Growth in EOG Reserves Outpaces Production

EOG’s reserves-to-production ratio, or reserve life, increased from 10.6x in 2012 to 11.5x in 2014. It would take EOG 11.5 years to deplete its proved reserves at its 2014 production rate.

Alex Chamberlin - Author

Jun. 19 2015, Published 2:20 p.m. ET


Growth in reserves

EOG Resources (EOG) has witnessed a strong growth in reserves over the past three years. According to the latest data available, EOG’s proved reserves increased 18% to 2,497 million barrels of oil equivalent (or MMBoe) in 2014, from 2,118.5 MMBoe in 2013. In 2013, reserves grew 17% over the previous year.

In comparison, Suncor Energy’s (SU) reserves decreased 2.5% in 2014 over the previous year. Concho Resources’ (CXO) reserves increased 27% during the same period. Also in that period, Pioneer Natural Resources’ (PXD) reserves decreased 5%.

EOG Resources makes up 3.9% of the Energy Select Sector SPDR ETF (XLE) and 3% of the iShares U.S. Energy ETF (IYE).

Approximately 46% of EOG Resources’ 2014 reserves was crude oil and condensates, 19% was natural gas liquids (or NGLs), and 35% was natural gas.

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Reserves-to-production ratio

In 2014, EOG Resources’ (EOG) total crude oil and natural gas production increased 17% over 2013. This was higher than the 9% growth it achieved in 2013 over 2012.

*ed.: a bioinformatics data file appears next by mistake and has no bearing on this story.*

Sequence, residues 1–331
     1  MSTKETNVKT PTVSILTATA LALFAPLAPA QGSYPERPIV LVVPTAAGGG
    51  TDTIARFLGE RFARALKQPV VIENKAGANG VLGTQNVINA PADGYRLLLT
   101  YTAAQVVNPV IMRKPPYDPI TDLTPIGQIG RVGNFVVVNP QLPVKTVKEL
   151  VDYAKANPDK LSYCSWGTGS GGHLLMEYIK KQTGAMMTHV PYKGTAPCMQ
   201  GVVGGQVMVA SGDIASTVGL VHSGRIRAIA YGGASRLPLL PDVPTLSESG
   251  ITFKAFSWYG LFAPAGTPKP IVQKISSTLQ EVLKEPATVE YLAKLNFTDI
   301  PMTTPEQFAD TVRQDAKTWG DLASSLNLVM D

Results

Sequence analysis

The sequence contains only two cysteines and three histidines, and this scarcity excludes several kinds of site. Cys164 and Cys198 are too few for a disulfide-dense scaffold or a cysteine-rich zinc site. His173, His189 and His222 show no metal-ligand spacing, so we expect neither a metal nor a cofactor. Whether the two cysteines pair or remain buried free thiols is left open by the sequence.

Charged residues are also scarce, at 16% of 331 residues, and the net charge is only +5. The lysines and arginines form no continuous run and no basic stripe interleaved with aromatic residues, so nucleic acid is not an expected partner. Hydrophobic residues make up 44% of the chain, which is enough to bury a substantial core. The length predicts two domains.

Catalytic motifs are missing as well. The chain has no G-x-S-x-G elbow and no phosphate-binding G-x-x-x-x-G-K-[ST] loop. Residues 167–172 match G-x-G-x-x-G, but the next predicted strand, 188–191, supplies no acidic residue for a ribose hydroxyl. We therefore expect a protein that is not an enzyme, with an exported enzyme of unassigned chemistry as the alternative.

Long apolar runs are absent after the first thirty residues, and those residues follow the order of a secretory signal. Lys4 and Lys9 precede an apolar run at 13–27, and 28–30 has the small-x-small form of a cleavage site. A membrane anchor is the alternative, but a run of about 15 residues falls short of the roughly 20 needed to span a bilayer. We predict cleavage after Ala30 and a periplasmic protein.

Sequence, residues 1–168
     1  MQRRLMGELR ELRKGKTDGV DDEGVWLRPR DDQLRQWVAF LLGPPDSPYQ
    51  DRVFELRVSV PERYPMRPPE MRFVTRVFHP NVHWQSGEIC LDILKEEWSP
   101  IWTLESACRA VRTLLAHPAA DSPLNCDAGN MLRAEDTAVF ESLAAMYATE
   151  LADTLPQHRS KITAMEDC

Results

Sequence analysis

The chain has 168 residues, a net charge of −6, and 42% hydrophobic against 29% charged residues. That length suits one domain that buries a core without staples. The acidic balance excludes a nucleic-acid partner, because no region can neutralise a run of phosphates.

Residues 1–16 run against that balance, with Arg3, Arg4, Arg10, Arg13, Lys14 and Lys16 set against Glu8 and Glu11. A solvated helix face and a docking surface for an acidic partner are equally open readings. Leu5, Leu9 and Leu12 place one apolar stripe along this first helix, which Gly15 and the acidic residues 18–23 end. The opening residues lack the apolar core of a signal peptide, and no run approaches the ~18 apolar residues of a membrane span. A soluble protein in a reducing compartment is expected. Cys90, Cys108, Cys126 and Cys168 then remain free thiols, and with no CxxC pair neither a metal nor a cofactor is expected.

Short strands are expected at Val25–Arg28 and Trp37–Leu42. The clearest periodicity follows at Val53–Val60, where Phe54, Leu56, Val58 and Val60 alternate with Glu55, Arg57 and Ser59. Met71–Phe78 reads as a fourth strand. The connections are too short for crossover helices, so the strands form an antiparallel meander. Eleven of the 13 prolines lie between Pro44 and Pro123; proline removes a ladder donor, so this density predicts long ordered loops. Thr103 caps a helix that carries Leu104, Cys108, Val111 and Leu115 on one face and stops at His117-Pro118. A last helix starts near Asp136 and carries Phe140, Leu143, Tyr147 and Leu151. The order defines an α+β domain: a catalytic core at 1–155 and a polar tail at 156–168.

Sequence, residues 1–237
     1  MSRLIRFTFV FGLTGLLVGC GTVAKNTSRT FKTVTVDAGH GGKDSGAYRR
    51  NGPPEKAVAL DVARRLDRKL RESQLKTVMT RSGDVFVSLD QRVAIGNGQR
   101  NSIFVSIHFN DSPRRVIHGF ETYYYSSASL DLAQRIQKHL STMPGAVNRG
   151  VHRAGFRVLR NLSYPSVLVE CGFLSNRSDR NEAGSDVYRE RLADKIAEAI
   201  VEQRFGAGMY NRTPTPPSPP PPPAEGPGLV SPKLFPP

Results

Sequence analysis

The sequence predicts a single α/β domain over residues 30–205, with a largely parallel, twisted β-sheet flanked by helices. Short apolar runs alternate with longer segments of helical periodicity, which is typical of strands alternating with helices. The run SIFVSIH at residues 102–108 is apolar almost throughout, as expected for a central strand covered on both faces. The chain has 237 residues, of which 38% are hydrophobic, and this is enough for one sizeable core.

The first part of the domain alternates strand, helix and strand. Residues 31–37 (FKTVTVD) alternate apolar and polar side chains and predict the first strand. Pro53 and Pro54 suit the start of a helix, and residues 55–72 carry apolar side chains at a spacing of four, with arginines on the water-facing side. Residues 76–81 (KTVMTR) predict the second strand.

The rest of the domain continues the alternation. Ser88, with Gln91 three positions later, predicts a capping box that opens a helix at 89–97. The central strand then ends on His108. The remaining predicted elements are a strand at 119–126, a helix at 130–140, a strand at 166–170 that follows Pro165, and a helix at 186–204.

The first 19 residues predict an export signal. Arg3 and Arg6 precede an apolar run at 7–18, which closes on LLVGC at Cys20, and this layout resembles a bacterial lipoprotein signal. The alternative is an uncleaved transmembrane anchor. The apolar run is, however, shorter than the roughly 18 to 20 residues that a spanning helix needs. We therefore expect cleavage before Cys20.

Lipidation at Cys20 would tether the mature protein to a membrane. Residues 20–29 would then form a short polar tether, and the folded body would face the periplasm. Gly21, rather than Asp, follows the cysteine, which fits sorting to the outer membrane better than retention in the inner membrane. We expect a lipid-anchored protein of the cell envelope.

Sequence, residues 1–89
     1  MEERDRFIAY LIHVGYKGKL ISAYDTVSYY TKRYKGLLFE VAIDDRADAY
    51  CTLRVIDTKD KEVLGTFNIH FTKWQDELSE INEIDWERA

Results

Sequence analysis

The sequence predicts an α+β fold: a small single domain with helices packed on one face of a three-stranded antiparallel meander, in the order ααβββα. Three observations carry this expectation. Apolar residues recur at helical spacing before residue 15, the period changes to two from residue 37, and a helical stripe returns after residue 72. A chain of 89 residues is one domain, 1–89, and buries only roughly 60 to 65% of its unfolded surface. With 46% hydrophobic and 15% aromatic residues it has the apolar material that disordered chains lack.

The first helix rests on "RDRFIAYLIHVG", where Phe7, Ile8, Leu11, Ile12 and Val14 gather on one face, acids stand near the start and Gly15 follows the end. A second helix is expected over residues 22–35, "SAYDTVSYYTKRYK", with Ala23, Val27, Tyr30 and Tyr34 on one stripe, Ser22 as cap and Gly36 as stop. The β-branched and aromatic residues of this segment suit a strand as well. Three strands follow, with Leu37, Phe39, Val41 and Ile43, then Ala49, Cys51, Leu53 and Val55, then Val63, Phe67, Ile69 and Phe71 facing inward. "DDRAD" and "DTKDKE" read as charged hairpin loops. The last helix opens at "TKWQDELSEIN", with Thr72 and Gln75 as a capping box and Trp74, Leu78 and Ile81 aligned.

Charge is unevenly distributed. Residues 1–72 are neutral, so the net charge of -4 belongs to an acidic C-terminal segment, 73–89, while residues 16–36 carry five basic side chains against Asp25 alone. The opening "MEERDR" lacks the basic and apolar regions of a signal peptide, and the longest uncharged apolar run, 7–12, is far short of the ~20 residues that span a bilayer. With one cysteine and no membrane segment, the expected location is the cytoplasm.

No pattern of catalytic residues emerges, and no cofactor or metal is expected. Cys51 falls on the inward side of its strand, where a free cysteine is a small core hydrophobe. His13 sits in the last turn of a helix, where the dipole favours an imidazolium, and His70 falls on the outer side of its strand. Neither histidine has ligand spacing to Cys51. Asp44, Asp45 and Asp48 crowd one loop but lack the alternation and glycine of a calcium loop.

This was slower than the reserves growth we discussed earlier. So the reserves-to-production ratio, or reserve life, increased from ~10.6x in 2012 to ~11.5x in 2014. This means it would take EOG Resources about 11.5 years to deplete all its proved reserves at its 2014 production rate, all other things remaining constant. Read Part 2 of this series to know more about EOG Resources’ production trend.

What made EOG Resources’ reserves grow?

EOG Resources has been growing reserves primarily through the organic route. This includes the extension of existing fields and new field discoveries, including the following in 2014:

  • the liquids-rich Leonard, Wolfcamp, and Second Bone Spring Sand plays in the Permian Basin
  • the Eagle Ford shale in South Texas
  • the Williston Basin Bakken core

What are proved reserves?

The EIA (U.S. Energy Information Administration) describes proved reserves as the “estimated volumes of hydrocarbon resources that analysis of geologic and engineering data demonstrates with reasonable certainty are recoverable under existing economic and operating conditions.”


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